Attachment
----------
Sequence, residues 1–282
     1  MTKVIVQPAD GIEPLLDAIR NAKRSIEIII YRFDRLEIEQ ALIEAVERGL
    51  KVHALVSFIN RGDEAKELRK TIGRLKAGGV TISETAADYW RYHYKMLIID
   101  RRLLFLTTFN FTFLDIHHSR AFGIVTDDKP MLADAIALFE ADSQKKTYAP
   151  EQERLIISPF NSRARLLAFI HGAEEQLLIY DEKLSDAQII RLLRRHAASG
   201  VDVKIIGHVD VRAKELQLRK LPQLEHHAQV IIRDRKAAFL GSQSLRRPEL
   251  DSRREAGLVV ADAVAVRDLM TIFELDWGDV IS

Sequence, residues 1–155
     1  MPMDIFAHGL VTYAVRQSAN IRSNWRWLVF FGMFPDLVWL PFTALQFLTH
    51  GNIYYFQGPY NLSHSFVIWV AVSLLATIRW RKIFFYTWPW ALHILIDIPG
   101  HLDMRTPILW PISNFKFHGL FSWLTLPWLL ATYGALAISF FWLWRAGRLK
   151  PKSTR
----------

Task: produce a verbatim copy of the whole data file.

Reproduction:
Sequence, residues 1–282
     1  MTKVIVQPAD GIEPLLDAIR NAKRSIEIII YRFDRLEIEQ ALIEAVERGL
    51  KVHALVSFIN RGDEAKELRK TIGRLKAGGV TISETAADYW RYHYKMLIID
   101  RRLLFLTTFN FTFLDIHHSR AFGIVTDDKP MLADAIALFE ADSQKKTYAP
   151  EQERLIISPF NSRARLLAFI HGAEEQLLIY DEKLSDAQII RLLRRHAASG
   201  VDVKIIGHVD VRAKELQLRK LPQLEHHAQV IIRDRKAAFL GSQSLRRPEL
   251  DSRREAGLVV ADAVAVRDLM TIFELDWGDV IS

Sequence, residues 1–155
     1  MPMDIFAHGL VTYAVRQSAN IRSNWRWLVF FGMFPDLVWL PFTALQFLTH
    51  GNIYYFQGPY NLSHSFVIWV AVSLLATIRW RKIFFYTWPW ALHILIDIPG
   101  HLDMRTPILW PISNFKFHGL FSWLTLPWLL ATYGALAISF FWLWRAGRLK
   151  PKSTR